Sacked Eton teacher: I stand by my patriarchy lecture

January 21, 2021
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When teacher Will Knowland was sacked by Eton for refusing to take down a lecture from his YouTube account “Knowland Knows”, his departure sparked furious debate. The provocative lecture, ‘The Patriarchy Paradox’, argued that the idea of a repressive patriarchy throughout history is a myth, that men have had it harder than women, and that traditional gender roles are not social constructions but the inevitable result of innate biological differences.

To its critics, the video was deemed offensive and sexist for espousing such a retrograde view of masculinity. But to Knowland and his supporters, whether the content was offensive or not was secondary to the video’s broader purpose: that these ideas, however provocative they may be, are fair game for discussion and debate.

That this incident occurred at the world’s most prestigious school — educator of over 20 British Prime Ministers (including the current one) and princes William and Harry — only served to give the controversy more attention.

It’s an intriguing case study of the interplay between elite institutions, competing visions of masculine virtue and the limits of acceptable ideas. Knowland argues that he was upholding Eton’s traditions, which he sees as being under threat:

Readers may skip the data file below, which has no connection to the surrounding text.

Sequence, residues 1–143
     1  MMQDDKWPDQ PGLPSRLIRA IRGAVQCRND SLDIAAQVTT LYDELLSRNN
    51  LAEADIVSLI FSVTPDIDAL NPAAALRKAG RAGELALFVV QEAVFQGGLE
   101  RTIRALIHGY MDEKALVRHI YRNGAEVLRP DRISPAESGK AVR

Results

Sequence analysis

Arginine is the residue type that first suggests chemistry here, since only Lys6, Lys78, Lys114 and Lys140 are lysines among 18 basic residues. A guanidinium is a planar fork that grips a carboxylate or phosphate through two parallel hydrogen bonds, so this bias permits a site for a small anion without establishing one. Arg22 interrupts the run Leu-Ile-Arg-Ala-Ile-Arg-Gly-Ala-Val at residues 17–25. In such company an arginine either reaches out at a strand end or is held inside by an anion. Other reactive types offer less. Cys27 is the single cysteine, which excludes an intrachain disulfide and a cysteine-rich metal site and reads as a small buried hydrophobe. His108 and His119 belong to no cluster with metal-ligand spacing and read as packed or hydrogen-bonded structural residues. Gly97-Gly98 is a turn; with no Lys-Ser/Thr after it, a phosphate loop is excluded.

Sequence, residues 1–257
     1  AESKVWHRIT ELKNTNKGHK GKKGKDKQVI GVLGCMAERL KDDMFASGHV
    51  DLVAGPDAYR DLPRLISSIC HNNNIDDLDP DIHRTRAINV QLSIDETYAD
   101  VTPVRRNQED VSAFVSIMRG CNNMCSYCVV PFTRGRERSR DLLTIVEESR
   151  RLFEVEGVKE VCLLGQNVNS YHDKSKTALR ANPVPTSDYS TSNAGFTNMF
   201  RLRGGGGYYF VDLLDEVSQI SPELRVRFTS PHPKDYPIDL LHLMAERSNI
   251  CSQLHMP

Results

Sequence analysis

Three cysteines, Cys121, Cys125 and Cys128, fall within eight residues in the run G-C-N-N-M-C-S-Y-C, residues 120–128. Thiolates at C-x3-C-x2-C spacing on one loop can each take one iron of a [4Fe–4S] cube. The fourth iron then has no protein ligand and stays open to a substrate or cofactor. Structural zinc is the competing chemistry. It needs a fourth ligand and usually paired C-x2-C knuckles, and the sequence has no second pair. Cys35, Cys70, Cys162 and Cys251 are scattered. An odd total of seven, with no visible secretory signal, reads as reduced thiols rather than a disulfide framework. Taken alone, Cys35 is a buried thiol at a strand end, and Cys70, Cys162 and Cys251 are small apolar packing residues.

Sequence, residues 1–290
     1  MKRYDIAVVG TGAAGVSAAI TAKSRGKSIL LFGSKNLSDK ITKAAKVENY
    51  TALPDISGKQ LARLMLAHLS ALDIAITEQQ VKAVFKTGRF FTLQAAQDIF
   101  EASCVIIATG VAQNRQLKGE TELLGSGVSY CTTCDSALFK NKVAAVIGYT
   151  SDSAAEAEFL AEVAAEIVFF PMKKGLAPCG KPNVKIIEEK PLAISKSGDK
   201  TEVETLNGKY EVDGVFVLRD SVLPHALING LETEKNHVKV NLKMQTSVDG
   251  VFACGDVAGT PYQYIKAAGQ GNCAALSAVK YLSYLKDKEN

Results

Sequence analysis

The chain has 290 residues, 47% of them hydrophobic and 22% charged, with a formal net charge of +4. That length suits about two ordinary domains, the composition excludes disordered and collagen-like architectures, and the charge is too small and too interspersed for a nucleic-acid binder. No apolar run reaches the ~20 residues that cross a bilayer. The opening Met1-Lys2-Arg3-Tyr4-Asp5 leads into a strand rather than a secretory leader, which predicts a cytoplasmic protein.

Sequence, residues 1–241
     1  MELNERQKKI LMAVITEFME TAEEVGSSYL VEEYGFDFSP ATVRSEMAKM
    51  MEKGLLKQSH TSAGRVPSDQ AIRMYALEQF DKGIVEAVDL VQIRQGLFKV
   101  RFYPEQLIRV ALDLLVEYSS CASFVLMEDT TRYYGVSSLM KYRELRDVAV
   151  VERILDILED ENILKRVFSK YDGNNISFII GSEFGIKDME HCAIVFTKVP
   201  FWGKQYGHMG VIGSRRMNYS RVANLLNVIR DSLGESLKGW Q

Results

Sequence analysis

I felt that my duty to uphold Eton’s very long rich tradition of encouraging independent critical thoughts and having broad based debate was being called into question. Why should we stop boys from watching this even in their own time? People should be allowed to make up their own minds about it.
- Will Knowland, LockdownTV

He positions his lecture in the spirit of a liberal education, in which a full range of ideas should be discussed:

I think, watching the way in which debate had been narrowed over the last five years or so, particularly on this topic at an all boys school struck me as slightly strange. And if you’re an all boys school, and you can’t have a rigorous open discussion of masculinity, as informed by anthropology, and psychology, I think something is going wrong. And if the reason for that is that it might upset a member of staff, then you’re heading in the safespace direction. And I think that if Eton can’t resist that, which is a threat, that is, I think it’s fair to say permeating the wider culture, if Eton, can’t resist that then I think very few places have got a chance of doing so.
- Will Knowland, LockdownTV

But was sacrificing a job that he held for nine years, to defend such a deliberately provocative and one-sided treatise, worth it?

Well, I knew I was taking a risk making a stand on a point of principle. But as far as I see it, it’s a point of principle that is essential to the identity of the college, and also essential to what a liberal education is all about. So there’s a sense in which, if I’d allowed that, my job already wouldn’t have been as valuable to me. I mean, there are people who might say, you stay in it just for the money, but any teacher who’s in teaching for the money is very easily bought. And I think that there are more important things than that. And there’s a sense in which I’d lost my job even before I was sacked.
- Will Knowland, LockdownTV

As ever, we’ll leave you to decide whether is a point of principle you would defend. Many thanks to Will for his time.


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